MANHASSET, NY -- Research physicists at the University of California, Riverside have identified an insulating property of “bilayer graphene” (BLG) formed when two graphene sheets are stacked in a special manner.
Single layer graphene (SLG) is gapless, and cannot be completely turned off because regardless of the number of electrons on SLG, it always remains metallic and a conductor.
“This is terribly disadvantageous from an electronics point of view,” said Chun Ning (Jeanie) Lau, a member of UC Riverside’s Center for Nanoscale Science and Engineering, in a statement. “BLG suggests a promising route – trilayer graphene and tetralayer graphene, which are likely to have much larger energy gaps that can be used for digital and infrared technologies.”
The physicists report that when the number of electrons on the BLG sheet is close to 0, the material becomes insulating.
“BLG becomes insulating because its electrons spontaneously organize themselves when their number is small,” said Lau. Lau explained that a typical conductor has a huge number of electrons, which move around randomly. When BLG has only a few electrons the interactions cause the electrons to behave in an orderly manner.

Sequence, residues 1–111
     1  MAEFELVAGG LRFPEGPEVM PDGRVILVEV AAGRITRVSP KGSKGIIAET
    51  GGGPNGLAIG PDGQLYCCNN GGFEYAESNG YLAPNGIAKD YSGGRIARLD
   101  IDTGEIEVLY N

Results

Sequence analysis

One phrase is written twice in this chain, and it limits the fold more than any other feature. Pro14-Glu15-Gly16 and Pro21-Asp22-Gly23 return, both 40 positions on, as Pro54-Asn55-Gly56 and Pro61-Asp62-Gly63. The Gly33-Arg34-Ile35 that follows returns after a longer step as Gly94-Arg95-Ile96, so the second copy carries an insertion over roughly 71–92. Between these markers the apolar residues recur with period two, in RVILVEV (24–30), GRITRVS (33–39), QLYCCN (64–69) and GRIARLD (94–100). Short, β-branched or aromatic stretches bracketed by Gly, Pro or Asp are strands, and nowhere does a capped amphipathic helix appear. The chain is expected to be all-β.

Allan MacDonald, the Sid W. Richardson Foundation Regents Chair in the Department of Physics at The University of Texas at Austin and a coauthor on the research paper, noted that the research team has measured the mass of a new type of massive quantum particle that can be found only inside BLG crystals.
“The physics which gives these particles their mass is closely analogous to the physics which makes the mass of a proton inside an atomic nucleus very much larger than the mass of the quarks from which it is formed,” he said. MacDonald explained that the experiment the research team conducted was motivated by theoretical work which anticipated that new particles would emerge from the electron sea of a BLG crystal.
The physicists gave their experimental results in Nature Nanotechnology
A graphene sheet (red) is suspended
between two electrodes.
The research was supported by grants from the National Science Foundation, Office of Naval Research, FENA Focus Center, and other agencies.